Eye Candy: 1997 Volkswagen GTI VR6

Eye Candy: 1997 Volkswagen GTI VR6

Do you want to maximize your budget and fun? Need an affordable ride that will reward you nearly every time you turn the key, but is also practical enough to daily drive?

Look no further. We may all want a car collection of virtually new, unused and perfect condition examples of our favorite car designs, but frankly that’s just not a reality most who’s names don’t start with “Sultan” and end with a small southeast Asian country’s name can contemplate. And even he needs to liquidate his massive Ferrari collection from time to time when small rebellions pop up.

Jumping in to a third generation Volkswagen Golf won’t get you much respect outside of dedicated brand enthusiasts. But what it will do is reward your decision. Like the E36 M3, adding two cylinders to the model may not have sounded as sexy on paper as the high-revving double cam inline-4, but the result was better performance, better reliability, and cheaper prices for that speed. With 172 horsepower and 173 lb.ft of torque on tap, the VR6 took the Mk.3 into a new performance territory. It brought with it a more grown up feel, too – leather, a quiet(er) cabin, power windows and sunroof – these were unthinkable a decade earlier in the budget hatch. In fact there was only one option – a trunk mounted CD changer. Everything else? Standard. The increase in performance dictated upgrades throughout; sport suspension with sway bars, larger brakes with 5×100 mm hubs and accompanying 15″ wheels. 0-60 was firmly sub-7 second range, and the boxy hatch could brush 130 mph flat out. In a flat-out drag race, this economy car was on par with the Audi S6.

At nearly $20,000, the price tag didn’t seem cheap at first. Indeed, in a little over a decade the base price of the GTI had increased 100%.…

1996 Volkswagen Passat TDi Variant

1996 Volkswagen Passat TDi Variant

If I told someone in the general public that a 21 year old, cloth interior Volkswagen rolling on steel wheels would be worth $10,000 on the open market, they’d probably laugh. After all, Volkswagens half that age are worth only around 50% of that figure. But to the general public, the moniker “1Z” means little else other than the first number and last letter. Unless they’re trying to pass some perverted field sobriety test, that combination just wouldn’t have any deeper significance. But to Volkswagen enthusiasts, “1Z” is the password to secret hyper-milers. They’re the name of the Kingdom of special hippie-crunchy, make-your-own-gas type of automobile enthusiasts. One step from Moonshiners, they take showers about as often as they wash their cars (read: not frequently). They test the suspensions of their cars with how much weight they can carry and or tow at a given time. The term “low mileage” is not in their vocabulary, instead proudly patting themselves on the back for the hundreds of thousands of miles they’ve clattered slowly away. Instead of bragging about 60 m.p.h. times, they are happy to rub your nose in 60 m.p.g. claims. And though the 1Z 1.9 TDi came in a few packages stateside, they absolutely go gaga over Passat wagons of the manual variety:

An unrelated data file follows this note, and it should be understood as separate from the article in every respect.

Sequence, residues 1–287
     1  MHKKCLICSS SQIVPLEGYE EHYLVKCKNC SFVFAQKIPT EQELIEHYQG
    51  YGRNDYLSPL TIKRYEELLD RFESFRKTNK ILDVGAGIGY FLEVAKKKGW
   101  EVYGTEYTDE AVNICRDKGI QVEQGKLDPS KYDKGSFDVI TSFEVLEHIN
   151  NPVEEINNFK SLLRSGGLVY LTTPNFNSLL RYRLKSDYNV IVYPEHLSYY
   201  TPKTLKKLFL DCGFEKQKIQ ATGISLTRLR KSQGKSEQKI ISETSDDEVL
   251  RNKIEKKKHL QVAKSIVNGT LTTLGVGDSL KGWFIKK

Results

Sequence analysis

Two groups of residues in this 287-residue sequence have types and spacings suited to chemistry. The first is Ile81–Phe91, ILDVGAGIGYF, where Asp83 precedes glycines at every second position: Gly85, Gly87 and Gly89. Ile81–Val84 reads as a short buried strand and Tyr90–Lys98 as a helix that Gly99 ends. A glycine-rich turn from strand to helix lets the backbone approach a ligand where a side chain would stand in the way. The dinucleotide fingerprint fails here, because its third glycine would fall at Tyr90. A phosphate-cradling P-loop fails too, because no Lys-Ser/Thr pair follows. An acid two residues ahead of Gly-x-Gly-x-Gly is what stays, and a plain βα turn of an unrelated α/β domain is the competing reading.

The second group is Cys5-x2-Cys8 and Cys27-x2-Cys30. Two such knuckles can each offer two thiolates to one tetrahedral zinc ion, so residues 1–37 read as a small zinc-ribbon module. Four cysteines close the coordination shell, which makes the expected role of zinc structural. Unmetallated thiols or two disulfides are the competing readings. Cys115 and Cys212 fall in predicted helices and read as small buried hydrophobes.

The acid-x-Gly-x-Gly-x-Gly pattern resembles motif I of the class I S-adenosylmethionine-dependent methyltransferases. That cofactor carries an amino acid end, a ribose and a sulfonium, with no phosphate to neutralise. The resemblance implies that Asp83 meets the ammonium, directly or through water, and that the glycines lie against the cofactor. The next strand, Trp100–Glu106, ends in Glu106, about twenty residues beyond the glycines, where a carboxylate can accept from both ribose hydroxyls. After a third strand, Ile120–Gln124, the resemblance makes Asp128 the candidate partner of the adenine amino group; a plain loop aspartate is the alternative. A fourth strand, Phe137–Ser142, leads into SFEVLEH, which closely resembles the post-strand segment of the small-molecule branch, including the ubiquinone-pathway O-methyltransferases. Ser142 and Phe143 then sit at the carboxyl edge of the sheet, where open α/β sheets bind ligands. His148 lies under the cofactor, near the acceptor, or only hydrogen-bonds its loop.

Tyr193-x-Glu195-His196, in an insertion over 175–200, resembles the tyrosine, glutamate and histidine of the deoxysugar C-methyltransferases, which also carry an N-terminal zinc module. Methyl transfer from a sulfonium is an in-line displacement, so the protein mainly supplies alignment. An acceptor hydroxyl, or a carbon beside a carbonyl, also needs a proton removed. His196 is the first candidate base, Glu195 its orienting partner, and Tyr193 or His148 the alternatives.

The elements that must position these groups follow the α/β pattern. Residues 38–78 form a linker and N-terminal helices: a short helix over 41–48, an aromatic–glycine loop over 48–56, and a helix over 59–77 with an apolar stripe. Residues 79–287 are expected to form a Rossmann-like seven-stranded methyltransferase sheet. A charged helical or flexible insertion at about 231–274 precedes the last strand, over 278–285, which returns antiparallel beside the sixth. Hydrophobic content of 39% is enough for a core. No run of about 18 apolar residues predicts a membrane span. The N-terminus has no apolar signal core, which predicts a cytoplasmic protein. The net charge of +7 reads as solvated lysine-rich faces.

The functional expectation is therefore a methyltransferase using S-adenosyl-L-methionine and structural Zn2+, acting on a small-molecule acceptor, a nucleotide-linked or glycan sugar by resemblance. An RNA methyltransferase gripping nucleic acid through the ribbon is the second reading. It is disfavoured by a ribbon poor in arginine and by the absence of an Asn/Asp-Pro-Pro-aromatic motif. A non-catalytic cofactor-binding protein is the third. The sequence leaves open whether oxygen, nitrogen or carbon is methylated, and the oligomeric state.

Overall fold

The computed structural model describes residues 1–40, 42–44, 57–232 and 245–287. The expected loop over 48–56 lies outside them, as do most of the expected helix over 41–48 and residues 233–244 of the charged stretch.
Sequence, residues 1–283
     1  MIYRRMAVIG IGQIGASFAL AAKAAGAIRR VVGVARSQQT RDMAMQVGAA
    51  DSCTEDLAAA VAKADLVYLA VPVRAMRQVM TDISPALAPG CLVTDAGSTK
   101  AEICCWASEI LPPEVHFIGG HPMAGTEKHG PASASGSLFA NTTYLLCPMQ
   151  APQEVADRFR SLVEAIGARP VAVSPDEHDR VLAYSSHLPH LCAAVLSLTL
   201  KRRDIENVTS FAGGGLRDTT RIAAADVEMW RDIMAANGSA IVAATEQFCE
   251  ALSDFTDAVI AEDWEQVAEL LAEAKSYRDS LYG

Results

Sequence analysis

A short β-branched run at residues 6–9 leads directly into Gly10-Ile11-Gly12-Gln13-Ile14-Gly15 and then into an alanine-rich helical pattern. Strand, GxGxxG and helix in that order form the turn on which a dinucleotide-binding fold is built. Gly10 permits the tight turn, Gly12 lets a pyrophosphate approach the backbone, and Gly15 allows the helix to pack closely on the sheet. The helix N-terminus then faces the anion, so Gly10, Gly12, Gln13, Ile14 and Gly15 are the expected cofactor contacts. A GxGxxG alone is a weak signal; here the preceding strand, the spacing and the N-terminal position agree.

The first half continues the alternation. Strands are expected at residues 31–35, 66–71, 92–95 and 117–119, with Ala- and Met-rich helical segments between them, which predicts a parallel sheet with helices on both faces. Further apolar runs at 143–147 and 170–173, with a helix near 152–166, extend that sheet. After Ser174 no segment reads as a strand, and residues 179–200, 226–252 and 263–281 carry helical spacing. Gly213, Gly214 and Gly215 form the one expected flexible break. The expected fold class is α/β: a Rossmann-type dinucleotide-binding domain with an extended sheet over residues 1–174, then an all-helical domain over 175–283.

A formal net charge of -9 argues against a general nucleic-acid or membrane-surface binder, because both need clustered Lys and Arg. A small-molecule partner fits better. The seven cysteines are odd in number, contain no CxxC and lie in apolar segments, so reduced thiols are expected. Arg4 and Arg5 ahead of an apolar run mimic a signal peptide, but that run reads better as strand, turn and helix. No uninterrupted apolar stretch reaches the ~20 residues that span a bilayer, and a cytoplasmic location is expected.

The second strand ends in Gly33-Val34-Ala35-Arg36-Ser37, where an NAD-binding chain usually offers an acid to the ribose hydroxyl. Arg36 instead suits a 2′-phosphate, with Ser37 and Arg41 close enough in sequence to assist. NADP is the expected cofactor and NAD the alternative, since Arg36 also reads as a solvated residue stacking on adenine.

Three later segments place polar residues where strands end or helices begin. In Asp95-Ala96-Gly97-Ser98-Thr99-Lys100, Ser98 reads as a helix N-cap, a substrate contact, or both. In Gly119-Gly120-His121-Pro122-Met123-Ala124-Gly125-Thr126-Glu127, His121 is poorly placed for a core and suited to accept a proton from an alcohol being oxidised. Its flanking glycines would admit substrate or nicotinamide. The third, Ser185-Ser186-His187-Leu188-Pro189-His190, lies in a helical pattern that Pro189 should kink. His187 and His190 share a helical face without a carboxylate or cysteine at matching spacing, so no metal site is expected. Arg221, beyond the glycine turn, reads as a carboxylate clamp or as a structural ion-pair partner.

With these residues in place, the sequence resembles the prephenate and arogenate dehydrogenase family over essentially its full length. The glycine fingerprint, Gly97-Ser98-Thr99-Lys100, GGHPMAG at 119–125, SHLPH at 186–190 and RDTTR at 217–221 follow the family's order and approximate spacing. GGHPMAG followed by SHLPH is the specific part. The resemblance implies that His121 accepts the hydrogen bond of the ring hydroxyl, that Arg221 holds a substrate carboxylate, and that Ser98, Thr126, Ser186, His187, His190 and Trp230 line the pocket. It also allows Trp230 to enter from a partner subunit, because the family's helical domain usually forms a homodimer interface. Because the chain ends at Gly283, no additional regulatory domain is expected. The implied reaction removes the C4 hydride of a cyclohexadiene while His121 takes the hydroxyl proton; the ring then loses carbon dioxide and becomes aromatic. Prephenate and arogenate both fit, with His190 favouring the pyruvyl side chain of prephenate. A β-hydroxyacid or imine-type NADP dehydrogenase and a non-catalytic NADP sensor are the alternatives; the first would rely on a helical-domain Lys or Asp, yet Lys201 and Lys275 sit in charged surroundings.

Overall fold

CLICK FOR DETAILS: 1996 Volkswagen Passat TDi Variant on eBay

Motorsports Monday: 2007 Volkswagen GTi

Motorsports Monday: 2007 Volkswagen GTi

There are some (quite a large number, in fact) who claim you can’t have fun on a race track in a front wheel drive car. I know quite a few of them. And in the wrong front driver, they’re likely right. Take a 1976 Cadillac Eldorado with its 8.2 liter V8 channeled through one front tire at any time and enough body roll to mimic a rowboat during Katrina and the recipe might be humorous, but doubtfully fun. However, 1976 also saw the introduction of a revolution in front drive platforms – the very first Golf GTi. Consider, for a moment, that GM’s replacement in 1977 for the thirsty 8.2 V8 was a every-so-slightly less thirsty 7.0 liter V8 (it was, after all, fuel crisis time….). That cast iron monster produced a heady 180 horsepower. Volkswagen engineers took a inline-4 with only 1.6 liters and twisted 110 horsepower out of it in a car that weighed about the same as the motor in the Cadillac. That was the magic of the GTi and it’s why it started the trend of hot front wheel drive cars that still is running arguably stronger than ever today. With clever transmissions, electronics and differentials, perceived weaknesses in the design have been nearly eliminated and most of the really trick nose FWD cars are as quick – if not quicker in some cases – than their rear-drive counterparts around a track. Therefore racing FWD cars is still a popular past time as today’s quite successful GTi is a testament to:

CLICK FOR DETAILS: 2007 Volkswagen GTi on Racer Connect